I Once Met… Robert De Niro
Everyone knows about Hollywood stars. We know that behind their shiny smiles and American teeth, there lurk monster egos beset with attention deficit and anger issues, given to babyish tantrums and absurd religious cults. Even if it’s all kisses on the red carpet, behind the scenes there are invariably mobile telephones being hurled at cowering assistants. Then again, there are some Hollywood stars so brooding, so suggestive of ill-suppressed anger and psychotic menace, that they barely even manage the public persona part. Jack Nicolson comes to mind, as does Nick Nolte. But right at the top of this category I would have put the scary, saturnine star of Taxi Driver, Raging Bull and Meet The Parents: Robert de Niro.
Back in the 1990s I was on a flying trip to New York, part of an attempt to sell a screenplay to some Hollywood studio. It was my husband’s screenplay, so my only function was to be what politicians call “room meat” which means ligging along to bulk out a meeting. A meeting was being set up with Robert de Niro’s production company and while we waited for it to materialise, all I had to do was hang around in the trendy Tribeca area of the city, chatting to the junior producers and marvelling at their enormous, picture window lofts the size of basketball courts, with limed oak flooring and just one sofa right in the middle. I also found myself singing the Bananarama hit, Robert de Niro’s Waiting, Talking Italian, in an annoying loop.
The producers loved De Niro, and spoke respectfully of his awesome talents, of his ability to produce and direct films as well as act in them. I have to say I fished shamelessly for gossip. De Niro is known as one of Hollywood’s most private stars. He rarely gives interviews and when he does he rules great chunks of his life off-limits. Though most of the roles he takes are borderline psychotics, little is known about his personal behaviour traits. Sadly hardly any gossip was forthcoming, except the tale that when de Niro had heard of the Bananarama song, he had rung their London council flat and arranged to meet the girls for dinner, but they got so nervous that by the time he arrived, they were blind drunk. Somehow, I knew how they felt.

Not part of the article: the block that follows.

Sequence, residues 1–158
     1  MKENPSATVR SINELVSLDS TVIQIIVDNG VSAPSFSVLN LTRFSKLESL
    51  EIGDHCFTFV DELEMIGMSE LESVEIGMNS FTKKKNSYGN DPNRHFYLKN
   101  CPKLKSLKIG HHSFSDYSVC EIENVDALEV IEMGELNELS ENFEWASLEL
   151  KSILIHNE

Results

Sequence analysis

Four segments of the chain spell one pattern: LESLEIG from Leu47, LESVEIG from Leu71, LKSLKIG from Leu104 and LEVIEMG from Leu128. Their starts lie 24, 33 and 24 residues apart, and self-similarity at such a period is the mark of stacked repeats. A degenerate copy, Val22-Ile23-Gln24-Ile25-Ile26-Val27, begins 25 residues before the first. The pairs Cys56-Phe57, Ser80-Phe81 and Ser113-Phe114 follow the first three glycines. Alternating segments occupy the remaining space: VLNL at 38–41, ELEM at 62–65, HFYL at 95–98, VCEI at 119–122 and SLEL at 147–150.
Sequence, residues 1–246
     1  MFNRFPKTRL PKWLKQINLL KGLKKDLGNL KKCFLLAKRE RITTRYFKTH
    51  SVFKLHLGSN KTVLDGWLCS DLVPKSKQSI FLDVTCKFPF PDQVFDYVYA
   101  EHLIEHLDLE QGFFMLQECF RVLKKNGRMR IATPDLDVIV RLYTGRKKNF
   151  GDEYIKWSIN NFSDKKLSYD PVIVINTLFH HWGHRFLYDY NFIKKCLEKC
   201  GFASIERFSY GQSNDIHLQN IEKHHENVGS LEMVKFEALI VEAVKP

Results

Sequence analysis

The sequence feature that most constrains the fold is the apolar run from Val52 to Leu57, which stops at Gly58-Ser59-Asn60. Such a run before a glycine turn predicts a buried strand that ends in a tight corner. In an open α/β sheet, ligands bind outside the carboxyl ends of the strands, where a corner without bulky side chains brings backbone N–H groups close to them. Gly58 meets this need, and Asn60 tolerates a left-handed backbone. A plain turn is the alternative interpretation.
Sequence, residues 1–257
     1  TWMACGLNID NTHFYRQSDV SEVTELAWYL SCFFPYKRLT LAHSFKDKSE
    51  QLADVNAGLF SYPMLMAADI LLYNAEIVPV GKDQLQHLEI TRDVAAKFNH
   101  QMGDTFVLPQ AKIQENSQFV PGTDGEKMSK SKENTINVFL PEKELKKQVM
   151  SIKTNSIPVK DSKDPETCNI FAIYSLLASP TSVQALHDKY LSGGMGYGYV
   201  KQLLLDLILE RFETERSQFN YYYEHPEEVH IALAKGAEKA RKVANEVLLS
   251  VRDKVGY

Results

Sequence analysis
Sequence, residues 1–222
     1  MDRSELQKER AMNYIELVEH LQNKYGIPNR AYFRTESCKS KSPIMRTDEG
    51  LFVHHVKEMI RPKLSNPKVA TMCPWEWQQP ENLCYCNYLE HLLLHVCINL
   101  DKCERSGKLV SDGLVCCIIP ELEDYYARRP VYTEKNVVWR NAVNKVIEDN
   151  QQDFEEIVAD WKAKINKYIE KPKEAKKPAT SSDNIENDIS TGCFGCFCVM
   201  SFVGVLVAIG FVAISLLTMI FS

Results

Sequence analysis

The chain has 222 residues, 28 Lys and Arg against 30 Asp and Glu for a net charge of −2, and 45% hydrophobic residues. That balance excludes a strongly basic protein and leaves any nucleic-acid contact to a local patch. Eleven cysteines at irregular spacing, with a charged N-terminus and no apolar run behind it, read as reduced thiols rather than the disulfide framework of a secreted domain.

Soon it emerged that de Niro loved the screenplay. He felt the lead part could have been made for him. He had green-lighted a meeting and we were invited to visit the star in his office.
TriBeCa Productions occupies an impressive office block in Lower Manhattan. As we entered reception and waited for his people to come and find us, a commotion occurred. Outside in the street a huge stretch limousine had pulled up and half a dozen frightening bouncers, wearing dinner jackets and telephone headsets, were thrusting people out of the way. Onlookers gawped. Out of the car stepped a curly-haired, brown skinned woman in a white trouser suit who proceeded through the protective wall of bouncers to the far wall of the lobby where the lift doors were being held. Quite a crowd had gathered and in order to facilitate her regal progress everyone else was shoved brutally out of the way. In the crush I was pushed back and felt my foot crunch painfully on that of an anonymous little guy wearing a donkey jacket and flat cap. Apologising profusely, we exchanged wry smiles and he said: “Looks like it must a real big star!”
It was Whitney Houston, as it turned out. But the real star, of course, was Robert de Niro.
Later, over a meal at the Japanese restaurant he owns, which is a sister joint to London’s Nobu, I sat next to him. He appeared rather shy, until the subject strayed, somewhat uncoolly, onto children. He demanded my baby snaps and showed me his. We talked about his father and his love of art. A nicer, more decent and civilised superstar it would be hard to imagine. And when we had said goodbye, he pulled on his cap and donkey jacket, stepped onto the sidewalk and became instantly anonymous, just another slightly shabby little man, melting straight into the crowd. At no point, I have to report, did he talk Italian.